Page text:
Tensions Heated for Abkhaz Leader Visit

Heated tensions over Abkhazia showed no sign of waning Monday as the breakaway region's leader arrived in Moscow for talks over closer ties with Russia.

Abkhaz leader Sergei Bagapsh will discuss Moscow's proposal to establish direct institutional links with Abkhazia, the foreign minister of the self-styled republic, Sergei Shamba, said by telephone from the regional capital of Sukhumi.

Bagapsh was scheduled to meet with Foreign Minister Sergei Lavrov on Tuesday afternoon, Shamba said.

Last month, then-President Vladimir Putin signed a decree on deepening relations with Georgia's two breakaway regions, Abkhazia and South Ossetia. Putin ordered his government to establish closer trade, economic, social and scientific links with the two regions, though he stopped short of offering them diplomatic recognition.

The decree angered Tbilisi, which claims that Moscow is siding with the separatists and disregarding Georgia's territorial integrity. Abkhazia and South Ossetia have enjoyed de facto independence since two secessionist wars in the early 1990s.

Shamba denied a report that Bagapsh would seek Moscow's approval for a peace deal with Georgia. "The president is on a working visit to discuss Putin's decree," Shamba said.

Kommersant reported Monday that Georgia's ambassador to the United Nations, Irakli Alasania, had proposed a wide-ranging deal to the separatist authorities in Sukhumi last week.

The deal, the paper said, citing sources in the Abkhaz leadership, consisted of a mutual nonaggression pact mediated by Moscow, the return of Georgian refugees who fled Abkhazia in the 1990s and the withdrawal of Georgian forces from the Kodor Gorge.

Bagapsh denied the report, saying no such agreement existed between Sukhumi and Tbilisi and that he would accept no less than full independence.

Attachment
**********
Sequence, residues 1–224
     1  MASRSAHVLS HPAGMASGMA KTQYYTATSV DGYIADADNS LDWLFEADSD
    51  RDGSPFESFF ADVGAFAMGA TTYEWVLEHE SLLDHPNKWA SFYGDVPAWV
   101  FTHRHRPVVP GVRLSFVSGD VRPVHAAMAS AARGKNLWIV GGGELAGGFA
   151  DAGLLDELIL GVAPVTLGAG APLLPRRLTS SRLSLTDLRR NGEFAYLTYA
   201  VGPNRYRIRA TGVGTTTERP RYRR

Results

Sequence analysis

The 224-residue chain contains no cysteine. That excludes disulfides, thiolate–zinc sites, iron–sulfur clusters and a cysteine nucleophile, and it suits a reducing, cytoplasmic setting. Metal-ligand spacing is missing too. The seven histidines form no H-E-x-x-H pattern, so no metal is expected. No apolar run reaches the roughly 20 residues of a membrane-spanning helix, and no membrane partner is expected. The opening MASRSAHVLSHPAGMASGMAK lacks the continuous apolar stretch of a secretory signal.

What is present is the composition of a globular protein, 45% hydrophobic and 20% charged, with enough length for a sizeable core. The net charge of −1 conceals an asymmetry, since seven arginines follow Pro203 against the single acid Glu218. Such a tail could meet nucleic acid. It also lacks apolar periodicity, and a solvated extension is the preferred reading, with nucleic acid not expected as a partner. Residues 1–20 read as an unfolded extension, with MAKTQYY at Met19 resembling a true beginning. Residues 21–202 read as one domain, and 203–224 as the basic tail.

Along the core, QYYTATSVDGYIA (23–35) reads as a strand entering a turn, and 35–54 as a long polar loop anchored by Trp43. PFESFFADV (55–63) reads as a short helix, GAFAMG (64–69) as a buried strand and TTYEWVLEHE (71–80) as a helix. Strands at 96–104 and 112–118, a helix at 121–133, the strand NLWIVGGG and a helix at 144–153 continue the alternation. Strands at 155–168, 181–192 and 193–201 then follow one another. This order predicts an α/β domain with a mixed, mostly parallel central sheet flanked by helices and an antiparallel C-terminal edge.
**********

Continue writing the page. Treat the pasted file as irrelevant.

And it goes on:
"Our position is that Georgia first needs to withdraw its forces from the upper Kodor, and only after that we will be ready for a nonaggression agreement," he was quoted as saying by Interfax.

The Kodor Gorge is a sliver of land that has become a flash point between Tbilisi and Sukhumi.

Shamba described the Kommersant report as flawed. A phone call to Georgian Reintegration Minister Temur Yakobashvili, who handles relations with the breakaway regions, was disrupted by a bad connection Monday and follow-up calls were unsuccessful.

The latest flare-up in Russian-Georgian relations comes as Georgia is set to elect a new parliament this Wednesday.

Tensions over Abkhazia increased last month when a Georgian spy plane was shot down over the region. Georgia said the unmanned plane was shot down by a Russian jet violating its airspace.

Russia has since stepped up its rhetoric and sent reinforcements to its peacekeeping forces, which control Abkhazia's boundary with the rest of Georgia, saying that a Georgian invasion is imminent.

Moscow's military leadership over the weekend authorized peacekeepers to conduct armed operations on their own behalf if necessary, Nezavisimaya Gazeta reported Monday.

The Defense Ministry did not answer repeated calls Monday, but Shamba, the Abkhaz foreign minister, called the report "credible."

Georgia has reacted to Moscow's stance by blocking negotiations over Russia's accession to the World Trade Organization.

In another step likely to hamper any agreement with Georgia, Abkhazia signed a cooperation agreement Friday with the neighboring Krasnodar region over construction work for the Winter Olympics in Sochi in 2014.

Georgia has warned that such joint projects that exclude Tbilisi would call into doubt the rightfulness of the selection of Sochi as the Olympics.